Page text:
Wasatch Archers Claim State Title
In their first season participating in the new archery club
competition, Wasatch's young archers claimed the state championship,
the first for any Wasatch team this year.
"We are very proud of the kids," said Matthew Zierenberg, one of
the coaches for the team. "They have come in at 6:00 a.m. and have
worked hard to improve their skills." Wasatch started the program
this year with 5 students and 2 teachers being trained in the NASP
program. By having student instructors involved, they were able to turn
an individual sport into a real team effort.
Drew Spencer scored 256 and Brian MacKay scored 255 to take the top two
spots in the High School Male Division. Whitney Kraatz scored 234 to
take first in the High School Female Division, and Kasadee Godfrey
scored 225 to take third.
This year, 15 schools participated in the archery competition. "This
was WHS's first year competing in the State Tournament and we had 28
archers involved. We claimed three of the four top spots," said Coach
Zierenberg. "We feel pretty good about that and are looking forward
to defending our state title next year."
Hayden Walker was the WHS Archery Club president and most often the top
archer, but he injured his shoulder (AC separation) the week before the
tournament in an attempt to prevent a sledding accident. He did prevent
others from being injured but in the process injured himself. Even with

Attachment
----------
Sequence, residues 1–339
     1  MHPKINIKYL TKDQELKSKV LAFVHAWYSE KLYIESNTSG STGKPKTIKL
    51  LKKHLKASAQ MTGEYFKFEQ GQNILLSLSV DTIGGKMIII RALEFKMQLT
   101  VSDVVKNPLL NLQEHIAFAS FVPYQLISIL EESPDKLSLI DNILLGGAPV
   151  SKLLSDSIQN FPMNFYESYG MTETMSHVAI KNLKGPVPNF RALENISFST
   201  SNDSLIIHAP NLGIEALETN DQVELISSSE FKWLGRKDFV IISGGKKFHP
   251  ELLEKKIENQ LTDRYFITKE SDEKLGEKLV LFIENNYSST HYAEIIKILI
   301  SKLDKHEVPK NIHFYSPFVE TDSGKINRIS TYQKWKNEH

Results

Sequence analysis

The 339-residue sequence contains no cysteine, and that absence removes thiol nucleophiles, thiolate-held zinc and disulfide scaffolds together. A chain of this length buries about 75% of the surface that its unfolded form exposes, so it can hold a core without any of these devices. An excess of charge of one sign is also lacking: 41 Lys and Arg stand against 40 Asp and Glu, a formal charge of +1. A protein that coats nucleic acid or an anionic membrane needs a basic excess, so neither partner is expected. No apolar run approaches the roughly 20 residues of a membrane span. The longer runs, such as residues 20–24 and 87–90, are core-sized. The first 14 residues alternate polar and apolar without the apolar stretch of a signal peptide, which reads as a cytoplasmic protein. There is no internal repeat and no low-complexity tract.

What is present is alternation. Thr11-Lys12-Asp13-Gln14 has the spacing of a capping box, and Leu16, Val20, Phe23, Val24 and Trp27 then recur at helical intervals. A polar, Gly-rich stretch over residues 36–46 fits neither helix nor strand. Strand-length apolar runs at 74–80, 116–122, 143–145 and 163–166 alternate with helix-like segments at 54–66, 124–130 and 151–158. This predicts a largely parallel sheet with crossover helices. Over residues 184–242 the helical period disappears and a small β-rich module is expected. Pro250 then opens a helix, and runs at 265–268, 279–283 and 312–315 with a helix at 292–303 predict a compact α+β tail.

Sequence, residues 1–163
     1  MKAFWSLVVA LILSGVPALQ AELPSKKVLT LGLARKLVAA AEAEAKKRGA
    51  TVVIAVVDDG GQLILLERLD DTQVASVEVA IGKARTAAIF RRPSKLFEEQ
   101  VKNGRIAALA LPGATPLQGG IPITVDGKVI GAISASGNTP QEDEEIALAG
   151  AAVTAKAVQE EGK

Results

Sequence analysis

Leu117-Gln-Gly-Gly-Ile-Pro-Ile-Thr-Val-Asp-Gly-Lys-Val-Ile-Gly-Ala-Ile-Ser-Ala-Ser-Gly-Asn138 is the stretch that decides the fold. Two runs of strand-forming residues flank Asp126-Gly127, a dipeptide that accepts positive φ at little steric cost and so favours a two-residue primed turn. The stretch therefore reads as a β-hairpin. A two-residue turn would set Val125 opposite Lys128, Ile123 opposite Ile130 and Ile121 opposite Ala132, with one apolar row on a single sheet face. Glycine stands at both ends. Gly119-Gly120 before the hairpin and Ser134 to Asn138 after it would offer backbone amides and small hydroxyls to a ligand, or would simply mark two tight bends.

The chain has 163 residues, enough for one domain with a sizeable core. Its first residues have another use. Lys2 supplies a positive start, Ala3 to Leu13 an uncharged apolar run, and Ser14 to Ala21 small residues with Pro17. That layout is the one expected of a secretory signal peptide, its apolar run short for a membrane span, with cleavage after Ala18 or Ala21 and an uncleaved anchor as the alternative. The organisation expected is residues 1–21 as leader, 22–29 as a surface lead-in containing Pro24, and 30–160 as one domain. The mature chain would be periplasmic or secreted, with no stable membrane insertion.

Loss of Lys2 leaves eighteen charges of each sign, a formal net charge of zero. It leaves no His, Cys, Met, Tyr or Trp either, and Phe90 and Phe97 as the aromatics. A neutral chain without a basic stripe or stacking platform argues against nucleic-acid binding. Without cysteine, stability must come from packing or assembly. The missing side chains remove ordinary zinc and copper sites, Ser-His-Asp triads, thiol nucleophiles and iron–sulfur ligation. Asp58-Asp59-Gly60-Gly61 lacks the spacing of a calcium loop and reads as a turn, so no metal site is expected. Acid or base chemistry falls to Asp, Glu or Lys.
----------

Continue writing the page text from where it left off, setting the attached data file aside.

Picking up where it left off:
his injury, he was a great asset to the team at this year's tournament
and as a student instructor and leader throughout the year.
Scoring in an archery competition is straight forward. Each archer has
10 arrows and each arrow can score a maximum of 10 points. A perfect
score would be 300 points. Wasatch's top 10 archers averaged 232
points per shooter while the closest team to them had a 194 point
average. Team scores count the top 12 archers on each squad.
Archery began at Wasatch High School this year because of a $3000 grant
of equipment from the DNR to promote the sport. In addition, IBOHUNT
archery shop has donated expertise to maintain the bows and arrows.
Teachers and community members have donated time and expertise to help
the club succeed.
"One of the great things about this program," said Lawrene Tilson,
another of Wasatch's archery coaches, "is that all the kids in the
nation use exactly the same equipment. As our students improve and move
on to larger tournaments, they will be skilled in the same type of
equipment that everyone else is using. This is a great program to train
our young archers."
Plans are in place to extend the reach of the Archery Club into the
younger grades at Rocky Mountain Middle school as well as Timpanogas
BY JOHN MOSS